Using Service Design Thinking was considered an effective way for the implementation team to work in a short time frame, 9 months from deciding to move to the first day of service. This framework helped us see how our service philosophy would work in practice. The implementation team was comprised of Writing Center and library folks (librarians and library staff) who designed the Studio in a way that would best meet the needs of students. We were methodical about how we were going to create the Studio, using the service design method [Library Service Design: A LITA Guide to Holistic Assessment, Insight, and Improvementby Joe Marquez and Annie Downey]. With the Studio, we could establish more cohesive partnerships and deliver more cohesive services thinking about student needs. We did journey mapping (the daily journey of a student) to determine the best flow in making the Studio effective for student seeking help.

Now that you’ve moved out of the pilot stage, how will you sustain the Undergrad Research & Writing Studio?

Marketing is important. Our baseline numbers are about 70% higher than before the Studio. An individual consultation in the Studio covers both research and writing help, and we want students to know that. The space has a large footprint. We have the space to host multiple small-to-medium sized classes at the same time, not just a tour, but writing and research activities, using the research and writing consultants. Part of marketing includes reaching out to STEM and other disciplines, like the Department of Communications, who don’t use the Studio as much as other disciplines. We’ve found that international students love the Studio, and we don’t have to market to them very heavily as they already love us.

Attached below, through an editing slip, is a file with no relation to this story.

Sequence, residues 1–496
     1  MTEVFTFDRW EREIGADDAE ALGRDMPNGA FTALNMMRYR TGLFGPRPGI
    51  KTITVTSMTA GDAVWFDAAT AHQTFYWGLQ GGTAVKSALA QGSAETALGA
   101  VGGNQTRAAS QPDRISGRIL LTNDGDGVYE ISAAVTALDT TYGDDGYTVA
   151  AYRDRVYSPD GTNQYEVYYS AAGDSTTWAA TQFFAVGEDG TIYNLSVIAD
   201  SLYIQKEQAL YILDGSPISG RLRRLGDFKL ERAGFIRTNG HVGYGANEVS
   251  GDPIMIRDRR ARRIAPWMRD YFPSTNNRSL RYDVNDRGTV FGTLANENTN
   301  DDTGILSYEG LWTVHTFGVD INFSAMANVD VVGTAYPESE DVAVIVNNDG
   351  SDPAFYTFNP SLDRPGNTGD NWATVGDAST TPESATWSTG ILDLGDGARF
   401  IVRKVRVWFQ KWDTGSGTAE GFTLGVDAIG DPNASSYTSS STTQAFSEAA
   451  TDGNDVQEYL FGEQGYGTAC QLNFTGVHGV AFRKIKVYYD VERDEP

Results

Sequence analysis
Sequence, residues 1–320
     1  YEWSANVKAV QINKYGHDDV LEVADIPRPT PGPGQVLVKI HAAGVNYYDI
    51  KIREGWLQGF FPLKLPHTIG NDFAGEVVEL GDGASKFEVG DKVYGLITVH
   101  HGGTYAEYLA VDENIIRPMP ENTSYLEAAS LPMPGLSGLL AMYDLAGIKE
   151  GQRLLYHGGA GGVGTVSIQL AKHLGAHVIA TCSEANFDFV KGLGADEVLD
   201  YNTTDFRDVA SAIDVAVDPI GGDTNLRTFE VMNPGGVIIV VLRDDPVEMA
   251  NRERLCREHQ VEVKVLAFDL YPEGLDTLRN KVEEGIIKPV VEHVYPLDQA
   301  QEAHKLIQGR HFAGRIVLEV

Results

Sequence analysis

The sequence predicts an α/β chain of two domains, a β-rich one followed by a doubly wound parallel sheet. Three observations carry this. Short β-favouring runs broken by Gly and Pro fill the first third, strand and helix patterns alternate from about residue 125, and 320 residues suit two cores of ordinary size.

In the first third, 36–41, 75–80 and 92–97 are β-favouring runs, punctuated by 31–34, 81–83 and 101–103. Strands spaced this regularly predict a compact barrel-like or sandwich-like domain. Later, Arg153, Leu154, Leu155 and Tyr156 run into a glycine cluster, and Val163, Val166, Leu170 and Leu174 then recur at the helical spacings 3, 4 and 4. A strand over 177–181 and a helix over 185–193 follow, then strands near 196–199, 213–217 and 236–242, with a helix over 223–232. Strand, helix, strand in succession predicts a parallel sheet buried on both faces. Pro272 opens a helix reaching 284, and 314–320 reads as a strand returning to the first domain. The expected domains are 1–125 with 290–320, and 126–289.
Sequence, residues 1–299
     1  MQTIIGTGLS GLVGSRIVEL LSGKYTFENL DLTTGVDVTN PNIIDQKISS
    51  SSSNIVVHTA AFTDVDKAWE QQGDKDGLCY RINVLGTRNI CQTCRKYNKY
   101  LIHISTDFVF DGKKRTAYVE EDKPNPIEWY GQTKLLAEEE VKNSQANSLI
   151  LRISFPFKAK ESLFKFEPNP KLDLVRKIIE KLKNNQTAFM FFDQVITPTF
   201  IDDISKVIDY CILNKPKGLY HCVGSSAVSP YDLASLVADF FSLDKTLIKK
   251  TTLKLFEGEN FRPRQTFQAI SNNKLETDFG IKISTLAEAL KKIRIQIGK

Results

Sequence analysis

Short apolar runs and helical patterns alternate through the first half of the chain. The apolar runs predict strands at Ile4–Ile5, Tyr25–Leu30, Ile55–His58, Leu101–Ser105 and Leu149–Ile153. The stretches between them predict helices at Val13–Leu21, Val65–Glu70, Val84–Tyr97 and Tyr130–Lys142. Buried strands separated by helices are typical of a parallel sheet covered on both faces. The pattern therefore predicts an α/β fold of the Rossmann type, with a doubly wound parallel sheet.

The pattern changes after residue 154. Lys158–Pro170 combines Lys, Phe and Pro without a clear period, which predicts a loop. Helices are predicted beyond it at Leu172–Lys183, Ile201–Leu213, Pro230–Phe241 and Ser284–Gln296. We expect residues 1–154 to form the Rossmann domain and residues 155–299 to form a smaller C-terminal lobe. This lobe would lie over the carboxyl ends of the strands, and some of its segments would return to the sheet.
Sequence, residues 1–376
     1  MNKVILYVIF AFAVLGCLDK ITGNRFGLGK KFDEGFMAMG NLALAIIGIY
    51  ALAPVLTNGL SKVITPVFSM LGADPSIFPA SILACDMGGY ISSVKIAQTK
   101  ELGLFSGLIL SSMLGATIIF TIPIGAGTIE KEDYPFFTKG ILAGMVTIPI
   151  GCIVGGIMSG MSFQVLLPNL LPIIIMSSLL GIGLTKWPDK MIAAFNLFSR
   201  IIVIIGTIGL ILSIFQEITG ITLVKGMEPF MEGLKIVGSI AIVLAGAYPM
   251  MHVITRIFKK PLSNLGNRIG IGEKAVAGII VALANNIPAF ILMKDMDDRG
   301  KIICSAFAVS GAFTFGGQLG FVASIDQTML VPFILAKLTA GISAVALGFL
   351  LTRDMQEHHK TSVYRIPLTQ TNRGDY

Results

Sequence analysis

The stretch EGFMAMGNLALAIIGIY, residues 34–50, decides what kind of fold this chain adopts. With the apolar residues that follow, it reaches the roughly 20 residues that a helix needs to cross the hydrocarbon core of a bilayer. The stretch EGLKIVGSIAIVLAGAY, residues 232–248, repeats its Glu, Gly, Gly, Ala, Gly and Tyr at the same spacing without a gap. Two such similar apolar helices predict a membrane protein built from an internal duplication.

Another aspect of sustainability is training for consultants. We have a Research Based Writing Professional Development Seminar, which is 8 weeks, 50 minutes per week, and the Student Consultants are paid. On the staff side, we meet regularly, keeping the lines of communication open so that we all know what is happening. We rely on librarians to provide train-the-trainer trainings as well as co-training to keep the Writing Center/Library partnership tight. We’re also in the beginning stages of building out to other literacies outside writing and research. We want to create a stronger, more direct link with OSU’s Student Multimedia Studio, which is located in the library, so we can help students with projects like posters and videos.